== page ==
Wednesday, March 16, 2011

Investing PART 12: Angel Investing

“This is a land of confusion”

THE WALL STREET JOURNAL; (3/12/2011) had an interesting article entitled “An Easier Way to Bet on the Next Facebook.” As I read it, I thought: “There are too many men, too many people, making too many problems, …This is a land of confusion.” Angel investing may not be what Phil Collins was singing about, but it fits. Back in April, a series that started with “Angels, entrepreneurs, and diversification: PART 1” then again in June and July in a three-part series that started with “The discussion Congress should be having: PART 1 Angels, entrepreneurs, and diversification” The Hedged Economist made a reasonable argument for angel investing.

While the WALL STREEET JOURNAL article contains lots of interesting factoids, in total it just muddies the water. For example, it notes: “While the basic requirement is that investors be "accredited," having a $1 million net worth excluding the value of their primary residence….” That’s true, but totally irrelevant. Why should I care what the government thinks should be the liquid assets that an angel investor should have? Quite frankly, Government doesn’t have the foggiest idea what constitutes good financial behavior, and it certainly doesn’t have any insight into what constitutes a good investment- - except perhaps investing in pork. Angel investing is just one of many potentially beneficial financial behaviors the Government makes difficult. A more useful discussion would be when angel investing makes sense (i.e., under what circumstances) and how to participate in investments in startups without accreditation, topics discussed in the postings referenced above. Help on those issues would be appreciated.

The statement quoted above continues “….they also should have the stomach for blowups.” Again, true, but in this case redundant. Any investment can “blow up.” Investing inherently involves risk. Values go down as well as up, and some go to nothing. The notion that there is such a thing as a risk-free return is a fiction; a point noted before in The Hedged Economist (e.g., see the April 1, 2010 posting entitled “Beware the risk-free return”). While talking of blowups adds drama, the more useful info is presented when the article leaves the drama to the screenwriters’ guild and turns to reporting. At that point the article goes on to note interesting factoids. For example, one of the factoids references a study that found that one in four angels in a particular category goes bust. That’s interesting. I’ve seen other numbers. But, it leaves a legitimate impression.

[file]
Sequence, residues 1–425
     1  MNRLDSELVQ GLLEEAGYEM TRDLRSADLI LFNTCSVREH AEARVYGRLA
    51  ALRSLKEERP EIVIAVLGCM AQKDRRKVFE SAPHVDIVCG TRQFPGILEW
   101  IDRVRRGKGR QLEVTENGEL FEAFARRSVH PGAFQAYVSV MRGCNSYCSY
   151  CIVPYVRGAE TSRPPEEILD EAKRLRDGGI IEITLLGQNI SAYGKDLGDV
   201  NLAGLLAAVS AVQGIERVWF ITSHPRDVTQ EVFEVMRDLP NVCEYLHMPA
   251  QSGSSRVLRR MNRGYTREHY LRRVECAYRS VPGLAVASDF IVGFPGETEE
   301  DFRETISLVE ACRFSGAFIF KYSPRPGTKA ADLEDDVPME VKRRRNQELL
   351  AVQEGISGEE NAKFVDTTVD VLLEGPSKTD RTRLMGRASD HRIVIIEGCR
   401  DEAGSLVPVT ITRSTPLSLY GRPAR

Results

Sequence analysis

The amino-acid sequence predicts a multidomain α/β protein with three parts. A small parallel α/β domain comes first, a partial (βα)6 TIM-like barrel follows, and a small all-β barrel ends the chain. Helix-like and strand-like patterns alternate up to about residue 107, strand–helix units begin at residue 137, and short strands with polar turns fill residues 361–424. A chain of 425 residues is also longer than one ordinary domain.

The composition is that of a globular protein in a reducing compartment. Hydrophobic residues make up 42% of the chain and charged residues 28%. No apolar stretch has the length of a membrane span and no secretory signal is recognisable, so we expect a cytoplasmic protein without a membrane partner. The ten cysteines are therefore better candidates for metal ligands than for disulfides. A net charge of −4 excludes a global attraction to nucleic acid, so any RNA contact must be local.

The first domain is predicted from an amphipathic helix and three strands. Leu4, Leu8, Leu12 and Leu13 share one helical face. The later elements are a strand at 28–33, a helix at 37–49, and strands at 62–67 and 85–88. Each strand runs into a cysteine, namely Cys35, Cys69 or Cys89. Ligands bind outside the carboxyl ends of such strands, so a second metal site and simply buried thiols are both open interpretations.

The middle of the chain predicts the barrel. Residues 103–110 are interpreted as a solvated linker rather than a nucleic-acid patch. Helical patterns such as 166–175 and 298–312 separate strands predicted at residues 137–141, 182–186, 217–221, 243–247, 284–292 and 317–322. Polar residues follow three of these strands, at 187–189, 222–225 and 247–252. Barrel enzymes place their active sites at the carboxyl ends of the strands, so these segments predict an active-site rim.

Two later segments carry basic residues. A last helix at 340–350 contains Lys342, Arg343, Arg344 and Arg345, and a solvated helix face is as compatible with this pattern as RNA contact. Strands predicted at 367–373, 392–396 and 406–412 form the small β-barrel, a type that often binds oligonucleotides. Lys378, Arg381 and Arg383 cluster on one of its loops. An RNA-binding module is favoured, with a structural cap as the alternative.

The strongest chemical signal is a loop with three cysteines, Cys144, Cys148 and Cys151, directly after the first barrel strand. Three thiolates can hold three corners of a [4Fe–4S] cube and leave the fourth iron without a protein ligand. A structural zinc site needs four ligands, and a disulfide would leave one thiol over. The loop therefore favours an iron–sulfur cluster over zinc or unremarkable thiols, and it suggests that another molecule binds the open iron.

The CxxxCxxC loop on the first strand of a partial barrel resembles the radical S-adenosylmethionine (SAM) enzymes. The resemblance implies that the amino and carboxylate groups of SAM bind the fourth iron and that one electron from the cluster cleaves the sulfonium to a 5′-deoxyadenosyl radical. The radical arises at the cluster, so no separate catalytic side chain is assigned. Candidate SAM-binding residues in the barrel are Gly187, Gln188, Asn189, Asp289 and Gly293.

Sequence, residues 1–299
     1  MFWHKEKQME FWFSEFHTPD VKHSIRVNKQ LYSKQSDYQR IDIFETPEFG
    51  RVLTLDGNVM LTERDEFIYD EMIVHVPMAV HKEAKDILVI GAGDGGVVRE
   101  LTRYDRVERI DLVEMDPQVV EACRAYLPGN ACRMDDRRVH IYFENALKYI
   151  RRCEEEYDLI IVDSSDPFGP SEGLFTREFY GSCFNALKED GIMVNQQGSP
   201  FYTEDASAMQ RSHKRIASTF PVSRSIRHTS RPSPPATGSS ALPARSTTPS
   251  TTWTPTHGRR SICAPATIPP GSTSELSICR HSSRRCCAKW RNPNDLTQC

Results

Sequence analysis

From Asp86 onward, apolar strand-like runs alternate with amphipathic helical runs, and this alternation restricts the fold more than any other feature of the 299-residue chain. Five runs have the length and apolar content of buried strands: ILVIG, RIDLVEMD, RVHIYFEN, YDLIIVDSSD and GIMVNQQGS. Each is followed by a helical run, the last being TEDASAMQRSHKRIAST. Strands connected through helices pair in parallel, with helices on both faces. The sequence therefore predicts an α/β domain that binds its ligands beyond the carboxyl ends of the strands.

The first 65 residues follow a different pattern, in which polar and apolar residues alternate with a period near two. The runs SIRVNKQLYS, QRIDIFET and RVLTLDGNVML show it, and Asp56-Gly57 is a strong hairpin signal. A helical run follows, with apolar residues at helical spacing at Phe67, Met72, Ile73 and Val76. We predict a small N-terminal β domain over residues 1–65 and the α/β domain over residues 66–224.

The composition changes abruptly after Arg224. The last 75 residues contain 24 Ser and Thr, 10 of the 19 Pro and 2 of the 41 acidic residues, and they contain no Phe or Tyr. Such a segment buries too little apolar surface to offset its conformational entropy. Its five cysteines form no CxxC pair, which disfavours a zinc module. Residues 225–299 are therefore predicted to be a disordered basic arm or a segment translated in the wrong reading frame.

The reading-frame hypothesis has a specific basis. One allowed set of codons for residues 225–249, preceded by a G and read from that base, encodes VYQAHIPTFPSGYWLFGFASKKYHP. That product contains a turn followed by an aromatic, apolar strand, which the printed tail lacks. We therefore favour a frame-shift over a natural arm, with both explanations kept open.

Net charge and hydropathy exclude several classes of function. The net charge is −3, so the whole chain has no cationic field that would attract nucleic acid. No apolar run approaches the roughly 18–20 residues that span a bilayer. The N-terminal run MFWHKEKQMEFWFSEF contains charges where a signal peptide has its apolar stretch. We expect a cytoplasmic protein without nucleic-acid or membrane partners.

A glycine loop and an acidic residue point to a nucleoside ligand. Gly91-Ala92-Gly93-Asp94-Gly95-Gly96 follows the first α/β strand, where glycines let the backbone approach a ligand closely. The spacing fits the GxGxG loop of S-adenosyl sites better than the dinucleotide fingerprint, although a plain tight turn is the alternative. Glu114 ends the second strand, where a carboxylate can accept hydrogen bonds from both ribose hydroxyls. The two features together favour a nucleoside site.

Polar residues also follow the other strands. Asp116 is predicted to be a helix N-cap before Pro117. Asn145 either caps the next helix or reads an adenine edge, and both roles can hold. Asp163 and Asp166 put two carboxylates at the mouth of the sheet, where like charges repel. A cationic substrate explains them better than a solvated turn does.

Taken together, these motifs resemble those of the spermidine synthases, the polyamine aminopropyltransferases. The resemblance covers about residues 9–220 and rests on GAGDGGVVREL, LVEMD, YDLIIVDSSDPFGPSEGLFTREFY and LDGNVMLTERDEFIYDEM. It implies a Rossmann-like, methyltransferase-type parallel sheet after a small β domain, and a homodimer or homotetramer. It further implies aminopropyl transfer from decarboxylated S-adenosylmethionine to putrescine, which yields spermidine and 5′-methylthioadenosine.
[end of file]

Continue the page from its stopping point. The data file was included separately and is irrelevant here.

If the author wants to imply that a million dollars makes sense, just quoting accreditation standards is a pretty weak argument. To add confusion, a million dollars is inconsistent with the implications of some of the “experts” quoted in the article. To illustrate, one advisor states, “angel investments should make up no more than 5% of a wealthy person's overall portfolio.” At a million dollars, that is $50,000. Another advisor states, “Only one or two of every 10 investments will generate any significant return.” Another states, "Don't do it unless you'll make 10 or 20 investments over time.” Then the article quotes another advisor who points out, “Since $25,000 is generally a starting point for angel investments, that requires plenty of cash to spread around.” But, you should note that 10 to 20 investments at a minimum of $25,000 each works out to $250,000 to $500,000. That’s a lot more than 5% of a million dollars. Somebody is wrong. But then, “This is a land of confusion.”

It’s interesting to note that angel investing as currently defined is a relatively new concept: not a new activity, just a new concept. If one reads studies of how wealth is made and preserved, one see terms like non-public companies, technology companies, startups, new businesses, non-traditional assets, and concept investments. All of these overlap with angel investments. But, angel investment is a term that doesn’t often appear. For what it’s worth, adjusting for differences in definitions, the older research seems to imply a higher portion than 5%.

It’s as if the concept of angel investing developed to accommodate regulation, as in “something’s going on so let’s give it a name so we can regulate it.” Meanwhile, the article provides some insight into angel networks and how angel investing works. That’s important. Many of the financial and social institutions that supported new ventures in the past have weakened or vanished in Western societies. Angel networks may be the substitute.

In fairness, the article wasn’t all confusion. It gave a ballpark feel for returns on successful investments and the probability that any one investment will succeed. It also pointed out, “Angel investors should be prepared to have their money tied up for seven to 10 years.” But, for The Hedged Economist, the section that describes some tax benefits was the most interesting. Not because of the tax benefit itself. Rather, the creation of the tax benefit is interesting because it implies that policy makers have woken up to the importance of startups. Now, if only policy makers would recognize the damage they do to investors by trying to “protect” them from the confusion that is angel investing. We can hope.

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